This inflatable sculptural installation by Billie Grace Lynn features a grouping of white elephants, which carry vast meanings on their back. White Elephants have been long considered sacred in Asia. Their possession conferred great prestige but is also a huge and expensive burden. Referencing the “elephant in the room” the artist points out the aptness of the white elephant as a metaphor for our contemporary condition, “too expensive to sustain, too precious to surrender, and in a state of rapid change.”
This installation includes a grouping of three life-sized inflatable white elephants.
Elephants carry vast meanings on their backs. In particular, white elephants have been considered sacred since ancient times in Asia. The Buddha was conceived after his mother dreamed of a white elephant holding a lotus blossom. Possessing a White Elephant conferred great prestige on a family but also a huge burden. Keeping a white elephant was very expensive since it had to be provided with special food and accommodations and could not be used for labor. The gift of a white elephant was considered both a blessing and a curse and it bankrupted many recipients, some deliberately.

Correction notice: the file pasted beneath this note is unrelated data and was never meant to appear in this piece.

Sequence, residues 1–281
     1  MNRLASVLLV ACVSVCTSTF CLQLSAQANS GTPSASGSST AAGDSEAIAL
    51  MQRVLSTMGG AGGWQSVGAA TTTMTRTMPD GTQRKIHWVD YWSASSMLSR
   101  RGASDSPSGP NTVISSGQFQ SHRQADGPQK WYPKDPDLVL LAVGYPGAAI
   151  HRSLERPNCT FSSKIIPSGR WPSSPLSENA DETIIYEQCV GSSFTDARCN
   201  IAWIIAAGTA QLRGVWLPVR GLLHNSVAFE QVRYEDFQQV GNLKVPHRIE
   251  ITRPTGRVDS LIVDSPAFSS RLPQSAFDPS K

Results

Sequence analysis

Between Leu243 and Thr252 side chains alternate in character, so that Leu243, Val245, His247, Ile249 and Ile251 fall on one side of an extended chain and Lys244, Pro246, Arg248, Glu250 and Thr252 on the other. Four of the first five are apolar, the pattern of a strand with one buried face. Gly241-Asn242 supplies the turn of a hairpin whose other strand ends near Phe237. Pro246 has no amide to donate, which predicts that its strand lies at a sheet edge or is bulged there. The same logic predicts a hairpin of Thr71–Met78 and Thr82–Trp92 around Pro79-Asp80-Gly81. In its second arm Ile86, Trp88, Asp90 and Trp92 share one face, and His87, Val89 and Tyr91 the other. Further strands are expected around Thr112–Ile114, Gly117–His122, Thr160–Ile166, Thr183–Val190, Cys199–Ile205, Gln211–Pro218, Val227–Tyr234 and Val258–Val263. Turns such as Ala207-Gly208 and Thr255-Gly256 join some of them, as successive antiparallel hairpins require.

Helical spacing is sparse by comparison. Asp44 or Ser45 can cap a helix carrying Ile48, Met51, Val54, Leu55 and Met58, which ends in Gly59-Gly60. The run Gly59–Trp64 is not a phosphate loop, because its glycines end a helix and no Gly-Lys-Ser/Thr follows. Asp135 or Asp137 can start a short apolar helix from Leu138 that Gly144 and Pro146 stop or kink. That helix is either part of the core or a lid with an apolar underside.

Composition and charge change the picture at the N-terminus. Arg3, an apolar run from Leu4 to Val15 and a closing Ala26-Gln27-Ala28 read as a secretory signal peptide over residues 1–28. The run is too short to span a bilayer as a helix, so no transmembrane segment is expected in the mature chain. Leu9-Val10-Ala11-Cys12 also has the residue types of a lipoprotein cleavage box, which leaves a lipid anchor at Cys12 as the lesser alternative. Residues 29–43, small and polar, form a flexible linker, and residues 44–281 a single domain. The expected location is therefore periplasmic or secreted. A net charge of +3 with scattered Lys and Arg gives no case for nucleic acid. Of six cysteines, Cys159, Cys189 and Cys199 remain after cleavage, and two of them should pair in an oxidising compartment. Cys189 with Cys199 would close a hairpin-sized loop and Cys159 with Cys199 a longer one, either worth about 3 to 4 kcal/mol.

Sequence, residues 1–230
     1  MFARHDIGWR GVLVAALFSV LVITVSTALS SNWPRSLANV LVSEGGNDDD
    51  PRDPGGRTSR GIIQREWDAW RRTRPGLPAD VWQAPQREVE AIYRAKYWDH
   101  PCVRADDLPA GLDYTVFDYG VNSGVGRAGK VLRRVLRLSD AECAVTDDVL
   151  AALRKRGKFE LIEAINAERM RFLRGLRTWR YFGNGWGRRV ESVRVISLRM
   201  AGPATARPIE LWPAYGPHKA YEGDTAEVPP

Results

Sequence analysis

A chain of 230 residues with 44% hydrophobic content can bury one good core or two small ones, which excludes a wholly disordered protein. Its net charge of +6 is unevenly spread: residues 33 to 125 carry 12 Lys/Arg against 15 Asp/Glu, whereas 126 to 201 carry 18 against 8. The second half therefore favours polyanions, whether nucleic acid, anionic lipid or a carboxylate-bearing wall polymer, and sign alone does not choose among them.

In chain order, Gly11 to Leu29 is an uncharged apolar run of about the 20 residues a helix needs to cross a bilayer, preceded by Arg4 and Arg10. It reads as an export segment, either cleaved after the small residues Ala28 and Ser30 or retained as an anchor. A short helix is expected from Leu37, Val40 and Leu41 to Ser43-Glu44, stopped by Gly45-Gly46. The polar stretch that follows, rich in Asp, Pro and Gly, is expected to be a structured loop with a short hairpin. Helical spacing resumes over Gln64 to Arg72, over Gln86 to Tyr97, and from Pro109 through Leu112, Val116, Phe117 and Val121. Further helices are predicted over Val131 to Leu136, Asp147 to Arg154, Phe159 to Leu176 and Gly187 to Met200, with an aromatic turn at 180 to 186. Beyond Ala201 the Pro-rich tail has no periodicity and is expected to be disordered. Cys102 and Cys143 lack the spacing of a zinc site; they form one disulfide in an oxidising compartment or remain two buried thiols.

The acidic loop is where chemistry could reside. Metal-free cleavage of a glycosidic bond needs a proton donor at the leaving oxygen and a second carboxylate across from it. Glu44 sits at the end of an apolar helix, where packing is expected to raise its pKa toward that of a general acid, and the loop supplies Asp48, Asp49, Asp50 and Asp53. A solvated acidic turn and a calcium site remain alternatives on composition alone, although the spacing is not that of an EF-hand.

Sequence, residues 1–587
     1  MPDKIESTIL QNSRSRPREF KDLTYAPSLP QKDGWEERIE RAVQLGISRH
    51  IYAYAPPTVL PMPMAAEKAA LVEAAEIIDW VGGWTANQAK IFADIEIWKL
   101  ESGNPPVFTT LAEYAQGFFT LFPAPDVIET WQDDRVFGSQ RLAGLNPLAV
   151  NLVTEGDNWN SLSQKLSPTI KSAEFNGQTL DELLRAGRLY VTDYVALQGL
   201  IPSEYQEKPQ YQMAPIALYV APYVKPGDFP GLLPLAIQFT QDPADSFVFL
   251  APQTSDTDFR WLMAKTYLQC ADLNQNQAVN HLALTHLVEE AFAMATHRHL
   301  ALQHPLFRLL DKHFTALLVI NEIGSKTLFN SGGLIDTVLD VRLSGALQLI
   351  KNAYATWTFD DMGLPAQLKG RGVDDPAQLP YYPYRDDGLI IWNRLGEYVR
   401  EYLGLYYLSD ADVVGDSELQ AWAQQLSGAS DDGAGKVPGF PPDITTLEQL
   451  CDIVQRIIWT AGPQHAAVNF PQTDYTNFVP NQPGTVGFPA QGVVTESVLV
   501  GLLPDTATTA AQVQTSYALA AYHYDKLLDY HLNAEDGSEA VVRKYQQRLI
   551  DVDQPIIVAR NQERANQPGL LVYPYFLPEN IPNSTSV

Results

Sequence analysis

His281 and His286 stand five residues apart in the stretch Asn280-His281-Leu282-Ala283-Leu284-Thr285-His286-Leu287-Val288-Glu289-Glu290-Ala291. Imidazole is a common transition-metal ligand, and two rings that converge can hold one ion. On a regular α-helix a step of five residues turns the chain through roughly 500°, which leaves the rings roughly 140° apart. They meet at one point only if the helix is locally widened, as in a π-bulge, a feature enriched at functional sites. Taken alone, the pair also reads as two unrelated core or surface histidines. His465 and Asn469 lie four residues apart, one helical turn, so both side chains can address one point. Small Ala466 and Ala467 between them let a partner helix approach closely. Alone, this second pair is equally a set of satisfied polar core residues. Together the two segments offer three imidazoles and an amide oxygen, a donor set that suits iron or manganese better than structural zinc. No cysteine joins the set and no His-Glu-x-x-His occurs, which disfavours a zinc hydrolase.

Another literary elephant is the English idiom, ‘the elephant in the room,’ which means an obvious truth that is not spoken or is ignored usually because it is taboo or embarrassing.
Ganesh, the elephant god, whose effigy is found at the entrances of homes, businesses, and temples throughout India exemplifies the contradictions and connections between the known and the unknown. Ganesh marks the transitional space between the sacred and profane. He is a protector and destroyer, and the creator and remover of obstacles.
At this point, the White Elephant is an apt metaphor for our contemporary condition; too expensive to sustain, too precious to surrender, and in a state of rapid change.
May this ancient symbol of transformation remind us to respect each other, to remember the past, and to protect the future. The elephant is able to move silently in spite of its great mass; perhaps we too will learn to step more carefully.